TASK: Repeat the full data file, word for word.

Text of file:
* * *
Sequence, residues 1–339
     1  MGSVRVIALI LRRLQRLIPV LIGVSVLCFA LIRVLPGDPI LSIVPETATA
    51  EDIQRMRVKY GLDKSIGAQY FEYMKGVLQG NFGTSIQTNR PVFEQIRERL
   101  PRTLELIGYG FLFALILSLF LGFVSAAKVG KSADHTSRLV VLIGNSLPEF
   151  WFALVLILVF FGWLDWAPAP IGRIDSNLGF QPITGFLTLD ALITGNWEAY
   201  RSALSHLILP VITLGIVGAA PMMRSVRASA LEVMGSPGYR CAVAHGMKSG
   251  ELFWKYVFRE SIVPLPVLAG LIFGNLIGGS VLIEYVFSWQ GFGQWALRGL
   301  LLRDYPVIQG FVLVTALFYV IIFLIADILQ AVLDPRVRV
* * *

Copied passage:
Sequence, residues 1–339
     1  MGSVRVIALI LRRLQRLIPV LIGVSVLCFA LIRVLPGDPI LSIVPETATA
    51  EDIQRMRVKY GLDKSIGAQY FEYMKGVLQG NFGTSIQTNR PVFEQIRERL
   101  PRTLELIGYG FLFALILSLF LGFVSAAKVG KSADHTSRLV VLIGNSLPEF
   151  WFALVLILVF FGWLDWAPAP IGRIDSNLGF QPITGFLTLD ALITGNWEAY
   201  RSALSHLILP VITLGIVGAA PMMRSVRASA LEVMGSPGYR CAVAHGMKSG
   251  ELFWKYVFRE SIVPLPVLAG LIFGNLIGGS VLIEYVFSWQ GFGQWALRGL
   301  LLRDYPVIQG FVLVTALFYV IIFLIADILQ AVLDPRVRV